I thoroughly enjoy dark chocolate. I like to have a small piece of a bar each day. The first bite is always the best when I’m craving it. Sometimes I mindlessly eat more than just a small bite. As my taste buds are saturated in the rich flavor and I’m satisfied, each additional bite provides me with little extra pleasure. I’ve eaten more than half a bar before and sometimes feel a bit sick for it. It’s a moment of losing the ability to enjoy the small things. Not only has my value obtained from the chocolate diminished with each additional unit of consumption, but it’s even started to have a negative effect. Spending on chocolate now has diminished marginal utility for me.
The marginal utility of income is the relationship between the change in utility of a unit of income as that income increases or decreases. Typically, the utility of an additional unit of income decreases with each additional unit but this is not always the case.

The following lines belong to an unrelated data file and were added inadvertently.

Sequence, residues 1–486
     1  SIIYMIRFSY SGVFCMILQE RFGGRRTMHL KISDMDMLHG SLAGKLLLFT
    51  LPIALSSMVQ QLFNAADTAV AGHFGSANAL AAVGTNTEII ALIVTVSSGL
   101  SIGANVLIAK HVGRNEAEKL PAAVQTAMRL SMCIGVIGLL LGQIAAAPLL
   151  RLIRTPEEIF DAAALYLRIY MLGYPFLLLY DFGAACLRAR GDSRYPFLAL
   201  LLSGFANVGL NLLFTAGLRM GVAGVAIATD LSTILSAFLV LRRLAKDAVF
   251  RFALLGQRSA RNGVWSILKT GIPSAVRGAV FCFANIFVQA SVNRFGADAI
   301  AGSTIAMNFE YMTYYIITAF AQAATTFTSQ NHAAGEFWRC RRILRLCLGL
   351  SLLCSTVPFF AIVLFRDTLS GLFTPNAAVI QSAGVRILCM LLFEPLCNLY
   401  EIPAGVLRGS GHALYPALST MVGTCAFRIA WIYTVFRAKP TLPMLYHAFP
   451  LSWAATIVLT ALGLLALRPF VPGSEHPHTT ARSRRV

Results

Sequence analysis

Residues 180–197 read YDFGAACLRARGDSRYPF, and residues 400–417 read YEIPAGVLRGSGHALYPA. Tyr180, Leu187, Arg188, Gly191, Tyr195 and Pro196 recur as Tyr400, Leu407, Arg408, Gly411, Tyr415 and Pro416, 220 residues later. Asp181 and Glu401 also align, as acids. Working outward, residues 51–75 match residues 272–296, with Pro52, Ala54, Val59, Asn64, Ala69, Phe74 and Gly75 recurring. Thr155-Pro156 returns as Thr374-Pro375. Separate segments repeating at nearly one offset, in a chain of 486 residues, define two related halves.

If $50,000 of salary covers all of your standard of living expenses, increasing your salary to $100,000 of income may be less valuable to you than the initial $50,000 as you spend the increase on luxuries rather than necessities. The story above from 2008 is an example of the marginal utility of income.
Do you think that my concept of three levels of standard of living (minimum, comfortable, and fulfilled) represent distinct levels of the marginal utility of income? They tie in well with the steps to financial freedom. The utility of extra income tends to decrease with each additional dollar earned.
Happiness as a function of income
As income increases and its marginal utility decreases, so too does its value to our happiness. This ties in well with the marginal utility of income since much of the point of increasing income is to increase happiness.
A recent study in the Journal of Public Economics attempted to survey and report the relationship between happiness and income, globally.
As you’ve probably read before, happiness and rising income tend to disassociate once you’ve reached a “middle class” income in the developed world.